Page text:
The coexistence of child undernutrition and maternal overweight: prevalence, hypotheses, and programme and policy implications.Matern Child Nutr 2005; 1(3):185-96MC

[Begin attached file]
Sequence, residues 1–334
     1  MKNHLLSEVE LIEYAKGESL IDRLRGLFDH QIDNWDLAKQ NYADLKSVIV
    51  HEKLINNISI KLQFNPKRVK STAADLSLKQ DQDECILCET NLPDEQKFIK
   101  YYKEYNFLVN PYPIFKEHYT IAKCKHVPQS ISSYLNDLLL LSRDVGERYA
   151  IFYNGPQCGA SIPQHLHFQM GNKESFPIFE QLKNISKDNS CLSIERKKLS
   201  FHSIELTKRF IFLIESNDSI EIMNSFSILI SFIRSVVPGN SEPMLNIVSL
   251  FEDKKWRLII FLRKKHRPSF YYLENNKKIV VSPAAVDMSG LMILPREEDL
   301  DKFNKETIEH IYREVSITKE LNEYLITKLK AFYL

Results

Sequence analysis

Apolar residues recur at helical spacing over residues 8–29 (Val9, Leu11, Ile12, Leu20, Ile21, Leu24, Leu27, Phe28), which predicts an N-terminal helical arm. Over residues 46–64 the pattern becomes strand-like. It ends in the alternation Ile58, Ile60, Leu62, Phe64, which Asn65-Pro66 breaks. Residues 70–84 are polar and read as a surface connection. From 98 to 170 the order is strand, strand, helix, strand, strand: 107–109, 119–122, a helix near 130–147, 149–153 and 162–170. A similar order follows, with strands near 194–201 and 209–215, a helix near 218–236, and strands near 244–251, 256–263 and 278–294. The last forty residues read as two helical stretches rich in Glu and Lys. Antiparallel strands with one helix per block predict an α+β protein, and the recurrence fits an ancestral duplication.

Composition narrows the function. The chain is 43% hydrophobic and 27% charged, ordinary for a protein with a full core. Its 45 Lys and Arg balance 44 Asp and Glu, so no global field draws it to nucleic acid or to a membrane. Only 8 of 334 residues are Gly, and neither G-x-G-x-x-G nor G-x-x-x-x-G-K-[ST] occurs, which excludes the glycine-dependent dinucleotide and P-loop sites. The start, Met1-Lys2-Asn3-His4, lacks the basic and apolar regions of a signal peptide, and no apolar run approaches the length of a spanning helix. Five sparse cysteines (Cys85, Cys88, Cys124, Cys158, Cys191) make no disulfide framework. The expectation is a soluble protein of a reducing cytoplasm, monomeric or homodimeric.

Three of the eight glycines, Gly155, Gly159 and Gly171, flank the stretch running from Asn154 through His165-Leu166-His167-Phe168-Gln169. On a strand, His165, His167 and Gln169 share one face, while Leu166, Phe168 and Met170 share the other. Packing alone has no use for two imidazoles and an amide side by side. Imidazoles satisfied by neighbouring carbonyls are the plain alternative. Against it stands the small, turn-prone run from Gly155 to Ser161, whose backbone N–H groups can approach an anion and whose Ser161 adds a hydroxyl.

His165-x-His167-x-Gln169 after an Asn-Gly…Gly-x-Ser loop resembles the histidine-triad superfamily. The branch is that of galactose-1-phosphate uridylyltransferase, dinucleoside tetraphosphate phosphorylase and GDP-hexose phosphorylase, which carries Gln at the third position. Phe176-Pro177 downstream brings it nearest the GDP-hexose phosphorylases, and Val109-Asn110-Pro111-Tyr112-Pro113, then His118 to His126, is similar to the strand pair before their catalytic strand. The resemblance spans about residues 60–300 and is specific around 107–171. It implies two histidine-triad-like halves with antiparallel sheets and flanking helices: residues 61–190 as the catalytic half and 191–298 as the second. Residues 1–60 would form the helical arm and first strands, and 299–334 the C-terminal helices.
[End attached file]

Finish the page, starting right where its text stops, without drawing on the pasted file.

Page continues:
The purpose of this paper is to document the prevalence of the phenomenon of the coexistence of a stunted child and an overweight mother (SCOWT) in the same household in low- and middle-income countries. We also explore whether this phenomenon is associated with a country's level of economic development and urbanization and highlight policy directions for public nutrition. Data from 36 Demographic and Health Surveys (DHS) were used (23 in Africa, 8 in Latin America, and 5 in Asia). Stunting was defined as height-for-age < -2 SD of the reference population and maternal overweight as a body mass index (BMI) of > 25 kg m(-2). World Bank and United Nations figures were used for gross national product per capita (an indicator of economic development) and for level of urbanization respectively. Descriptive statistics were derived, and multivariate linear regression analysis was used to model the association between economic development, urbanization and the prevalence of SCOWT. The prevalence of SCOWT is generally below 10%, except in four countries, of which three are in Latin America. Among our sample of countries, SCOWT is generally more prevalent in Latin America than in Africa, and is near or below 5% in all five countries of Asia. Contrary to our expectations, SCOWT is not necessarily more prevalent in urban than rural areas. We also find that when economic development is controlled for, SCOWT is associated with urbanization only in Latin America. In Africa and Asia, SCOWT is associated with economic development, but not urbanization. The concrete recognition of the SCOWT phenomenon is an important step to delineating more effective and integrated strategies to address problems of over- and undernutrition and dietary quality within countries, regions and households. This gives special importance to designing programmes and policies that will address the food and nutrition needs of each individual, rather than assuming that those needs are addressed by targeting programmes or policies to the household as a whole.